RESULTS

Data were placed in electronic databases and are available from the U.S. Geological Survey.  Sample locations, water depths, and Clostridium perfringens concentrations and detection limits are in Tables 1, 2, and 3a, 3b, and 3c. Data on water content and x-radiographs for cores are in Buchholtz ten Brink and Galvin (in preparation), sediment grain size distribution and organic carbon content data for surface samples are in Poppe and others (1998), and chemical data for surficial samples are in Mecray and others, this CD-ROM.   To open a georeferenced display of this theme in ESRI's ArcView program make sure the application is loaded on your computer.  Users should go to the lisound directory located on the top level of this CD-ROM and double click on the lisound.apr project file.  The individual ArcView shapefiles may also be opened directly with any Arc application (e.g. ArcInfo, ArcExplorer) and can also be found on the data page.  Further detailed information can be found on the ArcView Project File page.

Clostridium perfringens concentrations in the surficial interval (0-2 cm) range from non-detectable concentrations to 15,000 spores/g dry sediment (Fig. 4a). The highest values are found in the western end of the Sound; very low, or non-detectable values, are found in the eastern region; and intermediate values are measured in the central and western basins.  A triangulation-gridding technique was used to interpolate the Clostridium perfringens concentrations for the surface sediments of the entire Sound (Fig. 4b). This distribution pattern is attributed to both sediment transport processes, which control sediment grain size (Fig. 4c), and proximity of the sediments to Clostridium perfringens sources (Buchholtz ten Brink and others, 2000).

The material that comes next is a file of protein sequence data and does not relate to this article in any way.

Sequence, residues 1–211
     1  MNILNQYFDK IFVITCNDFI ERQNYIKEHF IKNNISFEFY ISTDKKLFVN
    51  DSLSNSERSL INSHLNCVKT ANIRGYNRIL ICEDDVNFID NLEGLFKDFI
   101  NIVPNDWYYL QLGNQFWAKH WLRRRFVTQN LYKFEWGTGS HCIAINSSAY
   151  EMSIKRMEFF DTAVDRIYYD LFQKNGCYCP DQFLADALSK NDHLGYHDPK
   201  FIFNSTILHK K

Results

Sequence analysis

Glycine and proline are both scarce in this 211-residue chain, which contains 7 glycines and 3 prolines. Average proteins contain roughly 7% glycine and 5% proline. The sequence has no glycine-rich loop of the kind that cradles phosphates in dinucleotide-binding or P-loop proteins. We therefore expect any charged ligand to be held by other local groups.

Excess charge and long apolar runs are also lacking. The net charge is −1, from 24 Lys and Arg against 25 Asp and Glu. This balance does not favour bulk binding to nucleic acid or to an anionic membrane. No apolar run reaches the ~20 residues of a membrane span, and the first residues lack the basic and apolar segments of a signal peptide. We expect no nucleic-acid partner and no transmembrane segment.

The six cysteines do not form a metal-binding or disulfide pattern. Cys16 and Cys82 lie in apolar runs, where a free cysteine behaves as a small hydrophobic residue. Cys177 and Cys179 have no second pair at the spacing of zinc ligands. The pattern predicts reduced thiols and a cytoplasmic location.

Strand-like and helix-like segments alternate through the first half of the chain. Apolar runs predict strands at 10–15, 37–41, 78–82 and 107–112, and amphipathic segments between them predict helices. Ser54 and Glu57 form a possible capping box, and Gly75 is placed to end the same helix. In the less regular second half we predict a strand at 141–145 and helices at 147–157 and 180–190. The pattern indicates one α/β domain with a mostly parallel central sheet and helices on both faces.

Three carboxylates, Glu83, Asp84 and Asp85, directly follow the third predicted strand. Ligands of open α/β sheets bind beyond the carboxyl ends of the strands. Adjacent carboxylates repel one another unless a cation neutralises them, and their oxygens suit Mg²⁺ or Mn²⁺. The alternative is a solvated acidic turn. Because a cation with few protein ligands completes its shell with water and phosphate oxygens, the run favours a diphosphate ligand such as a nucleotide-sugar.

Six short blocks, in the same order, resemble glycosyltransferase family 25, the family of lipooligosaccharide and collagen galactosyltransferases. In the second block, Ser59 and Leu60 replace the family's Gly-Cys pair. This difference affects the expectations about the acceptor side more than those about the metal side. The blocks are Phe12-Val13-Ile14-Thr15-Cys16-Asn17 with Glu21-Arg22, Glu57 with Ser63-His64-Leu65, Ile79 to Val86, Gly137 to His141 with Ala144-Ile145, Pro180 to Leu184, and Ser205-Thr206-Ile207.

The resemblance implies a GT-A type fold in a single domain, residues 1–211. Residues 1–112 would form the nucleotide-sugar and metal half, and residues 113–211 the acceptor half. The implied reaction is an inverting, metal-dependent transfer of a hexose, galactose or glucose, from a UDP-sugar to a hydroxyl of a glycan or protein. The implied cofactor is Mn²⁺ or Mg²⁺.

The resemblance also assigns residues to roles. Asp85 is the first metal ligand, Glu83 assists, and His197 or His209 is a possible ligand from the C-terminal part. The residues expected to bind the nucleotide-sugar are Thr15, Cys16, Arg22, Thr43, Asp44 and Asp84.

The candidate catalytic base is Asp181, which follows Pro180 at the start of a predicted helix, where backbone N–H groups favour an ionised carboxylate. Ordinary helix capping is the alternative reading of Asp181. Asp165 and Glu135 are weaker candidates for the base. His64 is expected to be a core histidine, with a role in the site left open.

Profiles of Clostridium perfringens in sediment cores  (Fig. 5a, 5b, 5c, 5d, 5e, 5f, 5g, 5h, 5i, 5j, 5k, 5l, and 5m) show concentrations above background levels from the core surface to depths of approximately 30 cm in cores that are from all regions of the Sound. The concentrations in modern and surficial muddy sediments, however, are more than 10 times greater than concentrations in sandy sediments. There are steep gradients in the Clostridium perfringens profiles of the muddier cores, which are located in the depositional regions. Several cores from depositional areas (e.g., cores from stations A1, A2, A4, B6, B7, D1, D3, and G1) have Clostridium perfringens spore counts in deeper sections of the core (= 40-50 cm) that are below the detection limit. Shorter cores (<40 cm) that were recovered from depositional areas do not reach background concentrations at depth (i.e., cores from stations A6, M1, B3, B4, C4, C5, D2, D5). The low counts (<6 spores/g dry sediment) at depth indicate pre-pollutant, presumably pre-industrial conditions where there was no measurable anthropogenic contribution of Clostridium perfringens to the sediment. The Clostridium perfringens concentrations gradually increase upwards, and then sharply increase to reach values 100 times greater than background in the upper section (10-40 cm in thickness) of the cores.

In the western and central basins (transects A, M, B, C, D, and E), cores from 31 out of 35 stations had Clostridium perfringens concentrations that increased or remained constant to the core top, while four stations (A5, M3, B5, and E3) had values that dropped by an order of magnitude.  The trend of Clostridium perfringens increasing to the present for most of the cores from Long Island Sound is unlike the trends of decreasing values seen for metal contaminants in sediments deposited in recent decades (Mecray and Buchholtz ten Brink, 2000; Varekamp and others, 2000). The cores from station B1 had particularly high concentrations of Clostridium perfringens, metal contaminants (although decreasing), and fast sediment accumulation. The proximity to the mouth of the Housatonic River and the city of Bridgewater are probable sources for the continued influx of these contaminants.